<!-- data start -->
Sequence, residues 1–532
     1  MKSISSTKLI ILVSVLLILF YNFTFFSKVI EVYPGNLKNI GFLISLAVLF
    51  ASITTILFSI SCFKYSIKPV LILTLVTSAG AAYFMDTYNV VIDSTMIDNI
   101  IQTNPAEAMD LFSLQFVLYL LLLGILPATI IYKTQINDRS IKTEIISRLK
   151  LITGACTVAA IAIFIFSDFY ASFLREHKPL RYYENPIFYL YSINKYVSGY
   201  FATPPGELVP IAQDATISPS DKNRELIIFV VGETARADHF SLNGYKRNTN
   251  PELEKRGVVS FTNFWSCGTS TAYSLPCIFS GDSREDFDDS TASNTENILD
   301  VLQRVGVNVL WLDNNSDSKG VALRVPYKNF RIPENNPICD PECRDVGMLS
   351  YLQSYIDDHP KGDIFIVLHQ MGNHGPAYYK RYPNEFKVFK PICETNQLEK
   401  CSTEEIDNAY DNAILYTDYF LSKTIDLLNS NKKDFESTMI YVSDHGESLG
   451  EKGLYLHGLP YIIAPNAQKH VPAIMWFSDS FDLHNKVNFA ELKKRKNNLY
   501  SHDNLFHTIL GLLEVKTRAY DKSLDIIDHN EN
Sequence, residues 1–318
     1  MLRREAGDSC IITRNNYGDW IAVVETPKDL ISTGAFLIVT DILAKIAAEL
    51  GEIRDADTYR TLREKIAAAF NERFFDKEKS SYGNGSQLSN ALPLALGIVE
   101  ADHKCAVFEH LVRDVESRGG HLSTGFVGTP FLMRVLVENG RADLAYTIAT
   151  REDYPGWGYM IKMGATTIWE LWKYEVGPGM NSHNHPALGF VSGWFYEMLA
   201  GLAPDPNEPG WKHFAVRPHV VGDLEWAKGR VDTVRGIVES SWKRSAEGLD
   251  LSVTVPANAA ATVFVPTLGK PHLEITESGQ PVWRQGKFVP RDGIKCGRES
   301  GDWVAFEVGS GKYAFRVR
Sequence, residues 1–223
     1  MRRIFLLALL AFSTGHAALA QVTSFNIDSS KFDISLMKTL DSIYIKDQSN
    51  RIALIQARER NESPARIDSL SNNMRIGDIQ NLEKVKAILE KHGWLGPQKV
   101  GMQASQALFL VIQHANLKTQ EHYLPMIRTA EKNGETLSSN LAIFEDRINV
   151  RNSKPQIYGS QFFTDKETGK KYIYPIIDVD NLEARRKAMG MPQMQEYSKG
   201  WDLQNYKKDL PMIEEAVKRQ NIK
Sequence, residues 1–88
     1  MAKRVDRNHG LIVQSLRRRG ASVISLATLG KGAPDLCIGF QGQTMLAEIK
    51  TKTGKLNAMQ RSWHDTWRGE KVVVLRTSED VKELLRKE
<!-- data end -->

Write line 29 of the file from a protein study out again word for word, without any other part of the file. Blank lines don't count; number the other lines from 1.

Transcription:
    51  TKTGKLNAMQ RSWHDTWRGE KVVVLRTSED VKELLRKE